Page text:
I think it is fairly common for young teens to get interested in ghosts and the occult. Be it a surface level interest or a lifestyle driving obsession, at some point the urge to go into an abandoned graveyard, long decrepit hospital, or burned out schoolhouse with a tape recorder and some salt and see if a ghost can’t be conjured up from the ethos possesses most of us. As fun as it is, the experience usually leads nowhere.
If it did, however, lead to a ghost and a fight, then the world of Tokyo Twilight Ghost Hunters Daybreak is the only logical outcome. A mix of high schoolers and science weirdos, led by a seductress with ulterior motives, the team feels like a familiar group. Even with the absurdity it recaptures for me a snapshot feeling of high school.
The majority of the game is played out in graphic novel style. This latest re-release of the game, dubbed Tokyo Twilight Ghost Hunters Daybreak: Special Gigs, is a largely unchanged release with the exception of an extended story. In this mode of the game, you interact with your classmates, team members, and other people, using a sort of reaction system. This reaction system is, in a word, terrible.
You are given five choices that are basically your tone. This is “Love”, “Angry”, “Sad”, “Questioning”, and I suppose “Amicable.” Then you are given five more choices, choosing which body part you use. The system is unexplained, to the extent that I’m just guessing at what these choices mean. I could look it up, sure, but I should not have to do so. Though, it is not just that confusion that is a problem. The system simply doesn’t work.
So, basically what will occur is a character will make a statement or action towards you. You use this system to react, and end up doing something like licking their knee or smelling their hair or some other anachronism in this bag of inappropriate responses. The game is trying to give me freedom of reaction, and really it just makes me look like some sort of shy Donald Trump. Whereas this game is so focused on telling a story and having you be a part of the action, this is a big and constant problem.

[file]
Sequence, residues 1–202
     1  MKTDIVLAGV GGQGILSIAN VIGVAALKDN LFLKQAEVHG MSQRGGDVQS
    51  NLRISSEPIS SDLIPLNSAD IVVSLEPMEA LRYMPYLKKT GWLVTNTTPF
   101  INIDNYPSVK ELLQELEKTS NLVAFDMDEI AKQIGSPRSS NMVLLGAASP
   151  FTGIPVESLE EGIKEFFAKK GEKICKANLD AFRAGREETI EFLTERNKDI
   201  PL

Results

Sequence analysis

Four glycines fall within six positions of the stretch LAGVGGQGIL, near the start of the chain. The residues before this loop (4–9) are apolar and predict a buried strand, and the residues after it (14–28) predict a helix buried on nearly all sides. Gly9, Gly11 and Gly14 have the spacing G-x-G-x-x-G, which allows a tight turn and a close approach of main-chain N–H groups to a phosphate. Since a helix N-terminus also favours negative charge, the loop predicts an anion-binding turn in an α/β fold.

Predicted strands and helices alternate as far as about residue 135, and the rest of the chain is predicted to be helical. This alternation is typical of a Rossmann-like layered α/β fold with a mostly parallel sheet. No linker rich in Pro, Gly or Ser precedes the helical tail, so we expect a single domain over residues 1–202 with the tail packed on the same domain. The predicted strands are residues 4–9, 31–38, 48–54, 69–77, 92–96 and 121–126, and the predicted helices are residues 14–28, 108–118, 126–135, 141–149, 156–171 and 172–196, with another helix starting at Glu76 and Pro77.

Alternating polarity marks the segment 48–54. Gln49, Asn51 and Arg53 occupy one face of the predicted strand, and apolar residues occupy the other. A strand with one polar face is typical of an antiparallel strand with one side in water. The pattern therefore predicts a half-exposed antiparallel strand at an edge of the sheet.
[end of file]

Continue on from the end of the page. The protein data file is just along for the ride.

The game doesn’t stop at graphic novel and turns the tables with the ghost hunting missions. A tactical RPG style of battles matched up with a very deep pre-planning system provides a large amount of fun, and something fairly unique. The system is very simple, with all of the action taking place on a blueprint-esque top-down view of the space you are in via an in-game ghost hunting tablet computer.
You get the plans for the area where you will be hunting ghosts, and you are able to pre-plan where you will place traps, items, and other needed tools. You spend a certain amount of money for this setup which comes out of the post-fight profits. Once you’ve planned the battle, you go into the fight itself and attempt to eradicate ghosts.
The battles themselves are pretty tough. The ghosts have to be detected either with character sight, or via traps. If they spot you, they will draw towards you to attack. Each character and enemy has a turn with a certain number of action points for attacking and moving. It is on you to not only attack, but guess where the ghost will be at the end of the turn as well.
All in all, you’ve got a graphic novel style of game for one half, and a tactical RPG for the other. The graphic novel half of the game is gorgeous, the animations and hand-drawn style is just wonderful. The game uses photographs as backgrounds, and I came to like this as well, even though it first it was a bit Sega CDish. Though it looks great, the reactions system provided is wonky, broken, and hard to understand.
On the other half you have a tactical RPG that works perfectly, is tons of fun and very easy to learn, but is really bland looking and consists of teardrop-shaped characters avoiding squares to attack other teardrop shaped enemies on the map.
I’m not a big fan of the music, it’s just sort of there, and really sounds more like it was tossed in rather than made for the game. However, Japanese Hard Rock sounds very, very generic to me (i.e. every single hard rock anime lead-in ever made) so I could be wrong. This is a bit strange as the game has a sort of music underground aesthetic to it, in particular with the save “image” for each chapter being a new band poster-style picture, each cooler than the last.
The art does stand out in the end with Tokyo Twilight Ghost Hunters Daybreak: Special Gigs as the most endearing feature of the game, and with plenty of ghosts, backgrounds, characters, and cutscenes to enjoy, the wealth is there.